Israeli-based cloud data warehouse startup Firebolt is announcing today that it has raised a $100 million Series C funding round, bringing its total valuation to $1.4 billion. The C round follows a $127M Series B round just six months ago. The company has also appointed an analytics industry veteran as its new chief technology officer.
A growing team, a tech-first approach
The new funding round is led by Alkeon Capital, with participation from new investors Sozo Ventures and Glynn Capital. Existing investors Zeev Ventures, Angular Ventures, Dawn Capital, Bessemer Venture Partners and K5 Global also participated. The young company's headcount is currently at 180 and, in a briefing with ZDNet, Firebolt's leadership explained they'll be up to 200 very soon. The company also told ZDNet it expects to hire an additional 100 to 150 people this year, fueled by this funding round.
Firebolt prides itself on superior performance derived from storing data in its own FFF file format. FFF optimizes itself for different storage media, including Amazon S3, solid state disk (SSD) or CPU cache. Using a combination of compression, encoding options, memory-based sparse indexing and GPU acceleration, the platform is designed for lightning (or, er, firebolt)-fast query performance, with application-embedded use cases being a sweet spot.
The engineering bent of the company comes as no surprise, given its CEO and co-founder is Eldad Farkash, who was the founding CTO at Sisense. Today, though, Firebolt is announcing it has a proper CTO of its own: Mosha Pasumansky, previously a principal engineer on Google's BigQuery team, and involved in the opening of Google's Seattle office, according to Firebolt. Fittingly, Pasumansky will lead a Firebolt team in Seattle, which will join existing teams in Tel Aviv and Munich.
Pasumansky has been a significant player in multiple eras of analytics: in addition to his role on the BigQuery Team, he also served as a software engineer on the SQL Server Analysis Services (SSAS) team at Microsoft from 2005 to 2011. SSAS was a business intelligence industry pioneer and standard, and to this day remains as the engine behind Microsoft's hugely successful Power BI.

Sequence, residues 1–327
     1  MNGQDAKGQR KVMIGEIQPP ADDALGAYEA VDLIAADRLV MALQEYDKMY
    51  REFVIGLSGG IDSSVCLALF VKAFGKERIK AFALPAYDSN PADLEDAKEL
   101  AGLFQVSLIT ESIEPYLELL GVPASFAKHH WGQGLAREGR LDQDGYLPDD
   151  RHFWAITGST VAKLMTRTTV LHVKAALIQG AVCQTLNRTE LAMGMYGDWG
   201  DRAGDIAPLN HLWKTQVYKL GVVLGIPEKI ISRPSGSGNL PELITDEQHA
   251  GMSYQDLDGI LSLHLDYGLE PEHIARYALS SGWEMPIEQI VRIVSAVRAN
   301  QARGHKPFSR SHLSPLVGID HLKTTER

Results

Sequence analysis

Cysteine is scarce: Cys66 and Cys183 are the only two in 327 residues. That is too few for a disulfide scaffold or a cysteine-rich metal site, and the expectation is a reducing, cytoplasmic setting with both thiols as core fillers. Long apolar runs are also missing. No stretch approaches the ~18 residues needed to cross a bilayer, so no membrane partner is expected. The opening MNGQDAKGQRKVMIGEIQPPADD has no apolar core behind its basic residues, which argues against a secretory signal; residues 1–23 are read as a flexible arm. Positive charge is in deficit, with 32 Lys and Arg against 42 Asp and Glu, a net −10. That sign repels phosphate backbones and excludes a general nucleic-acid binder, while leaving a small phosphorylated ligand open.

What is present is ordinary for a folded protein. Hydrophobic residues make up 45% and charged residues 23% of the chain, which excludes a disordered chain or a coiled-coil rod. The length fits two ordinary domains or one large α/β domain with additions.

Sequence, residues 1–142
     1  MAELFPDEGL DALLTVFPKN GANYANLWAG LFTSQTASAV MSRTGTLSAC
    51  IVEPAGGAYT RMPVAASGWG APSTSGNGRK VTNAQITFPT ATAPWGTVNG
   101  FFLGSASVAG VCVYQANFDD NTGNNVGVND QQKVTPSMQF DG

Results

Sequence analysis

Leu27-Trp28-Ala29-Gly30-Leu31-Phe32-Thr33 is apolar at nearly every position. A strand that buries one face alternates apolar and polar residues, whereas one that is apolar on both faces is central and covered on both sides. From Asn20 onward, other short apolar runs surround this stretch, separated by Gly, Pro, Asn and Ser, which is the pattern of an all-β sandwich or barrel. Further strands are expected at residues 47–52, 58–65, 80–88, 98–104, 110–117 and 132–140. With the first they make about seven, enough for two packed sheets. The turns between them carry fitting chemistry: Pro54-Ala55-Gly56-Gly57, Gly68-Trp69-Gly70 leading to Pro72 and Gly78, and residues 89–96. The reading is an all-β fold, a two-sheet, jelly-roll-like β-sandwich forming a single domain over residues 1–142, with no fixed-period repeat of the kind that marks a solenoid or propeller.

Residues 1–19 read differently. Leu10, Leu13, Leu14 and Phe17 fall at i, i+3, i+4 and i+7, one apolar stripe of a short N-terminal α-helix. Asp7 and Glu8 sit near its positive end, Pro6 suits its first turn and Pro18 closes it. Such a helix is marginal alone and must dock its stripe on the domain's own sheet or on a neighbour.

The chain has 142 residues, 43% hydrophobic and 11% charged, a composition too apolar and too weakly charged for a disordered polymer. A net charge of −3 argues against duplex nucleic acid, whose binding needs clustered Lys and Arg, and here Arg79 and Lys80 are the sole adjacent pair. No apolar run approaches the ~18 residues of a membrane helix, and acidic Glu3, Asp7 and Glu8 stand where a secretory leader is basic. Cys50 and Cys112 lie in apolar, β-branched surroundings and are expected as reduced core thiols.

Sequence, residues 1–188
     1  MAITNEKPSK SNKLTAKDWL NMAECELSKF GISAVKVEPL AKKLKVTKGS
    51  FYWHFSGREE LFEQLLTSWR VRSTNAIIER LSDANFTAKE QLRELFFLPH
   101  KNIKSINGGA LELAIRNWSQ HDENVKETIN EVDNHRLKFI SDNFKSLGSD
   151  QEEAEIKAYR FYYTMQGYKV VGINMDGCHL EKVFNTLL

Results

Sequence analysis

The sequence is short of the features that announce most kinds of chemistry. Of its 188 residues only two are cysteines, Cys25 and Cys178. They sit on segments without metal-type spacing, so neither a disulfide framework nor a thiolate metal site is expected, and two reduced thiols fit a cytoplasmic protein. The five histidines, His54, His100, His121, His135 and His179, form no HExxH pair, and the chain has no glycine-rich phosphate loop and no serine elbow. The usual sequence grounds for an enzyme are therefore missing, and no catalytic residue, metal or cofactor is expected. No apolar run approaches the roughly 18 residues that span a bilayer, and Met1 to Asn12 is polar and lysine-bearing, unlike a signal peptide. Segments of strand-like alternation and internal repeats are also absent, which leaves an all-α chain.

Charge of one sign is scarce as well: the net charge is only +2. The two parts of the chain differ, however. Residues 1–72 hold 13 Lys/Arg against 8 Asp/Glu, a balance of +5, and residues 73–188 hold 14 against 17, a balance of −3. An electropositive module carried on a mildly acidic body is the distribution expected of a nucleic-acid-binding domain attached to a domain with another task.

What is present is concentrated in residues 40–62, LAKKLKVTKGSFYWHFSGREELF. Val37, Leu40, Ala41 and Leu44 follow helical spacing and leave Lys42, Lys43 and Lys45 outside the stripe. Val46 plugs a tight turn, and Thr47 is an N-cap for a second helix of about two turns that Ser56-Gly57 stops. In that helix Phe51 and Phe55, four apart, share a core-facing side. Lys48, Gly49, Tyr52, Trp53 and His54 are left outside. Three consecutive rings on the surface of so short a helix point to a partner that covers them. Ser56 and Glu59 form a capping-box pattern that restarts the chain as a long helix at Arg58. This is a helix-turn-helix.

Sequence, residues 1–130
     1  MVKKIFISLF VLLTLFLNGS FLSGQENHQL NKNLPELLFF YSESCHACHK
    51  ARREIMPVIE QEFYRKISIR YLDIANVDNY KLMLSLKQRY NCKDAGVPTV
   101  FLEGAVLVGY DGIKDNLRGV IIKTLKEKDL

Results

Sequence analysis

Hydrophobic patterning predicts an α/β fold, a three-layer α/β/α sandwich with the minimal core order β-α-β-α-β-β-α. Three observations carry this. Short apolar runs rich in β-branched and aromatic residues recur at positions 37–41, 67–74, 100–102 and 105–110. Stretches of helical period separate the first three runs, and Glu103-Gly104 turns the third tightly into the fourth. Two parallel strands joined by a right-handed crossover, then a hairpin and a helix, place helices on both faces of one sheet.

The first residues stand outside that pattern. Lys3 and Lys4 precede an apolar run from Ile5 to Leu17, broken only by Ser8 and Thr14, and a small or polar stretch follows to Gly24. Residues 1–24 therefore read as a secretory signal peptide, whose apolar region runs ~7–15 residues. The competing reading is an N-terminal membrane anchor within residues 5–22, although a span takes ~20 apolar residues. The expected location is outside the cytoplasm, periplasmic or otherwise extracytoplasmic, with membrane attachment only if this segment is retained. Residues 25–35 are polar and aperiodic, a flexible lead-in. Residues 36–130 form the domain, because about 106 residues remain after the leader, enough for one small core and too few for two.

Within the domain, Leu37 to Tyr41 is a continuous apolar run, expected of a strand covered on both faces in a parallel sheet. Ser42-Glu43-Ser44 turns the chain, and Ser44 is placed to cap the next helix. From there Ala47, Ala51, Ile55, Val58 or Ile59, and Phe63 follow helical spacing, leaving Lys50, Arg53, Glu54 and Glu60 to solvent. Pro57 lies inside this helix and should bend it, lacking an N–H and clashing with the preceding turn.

Pasumansky's blog was a practitioner's must-read back in the mid-2000's, when I helped lead a boutique consulting firm focused on SSAS and the rest of Microsoft's BI stack at the time. Pasumansky joining Firebolt is consistent with the company's engineering focus and its orientation as an analytics platform for application developers, which was SSAS' credo.
Firebolt is in a very crowded and competitive space, with its work cut out for it. Pasumansky should be a boon to the effort as should the Series C round, even if it's a bit smaller than the Series B. The question is whether Firebolt's passion for maximum performance is what the industry wants, and what will succeed in the market.
Snowflake is focused on friction-free implementation and reduced time-to-value. Databricks provides an end-to-end platform for analytics, data engineering and machine learning. Starburst, Ahana and others want to give you one analytics engine that can talk to all your data in its native format, at its point of origin. The cloud providers want to give you data warehouse and data lake functionality that integrates with their full complement of other data services.
Firebolt, meanwhile, is going back to a timeless developer priority: maximum speed. As intuitively valuable as that is, it's also contrarian in today's analytics market. Ultimately, customers (and their developers) will decide if this back-to-fundamentals approach should be rewarded.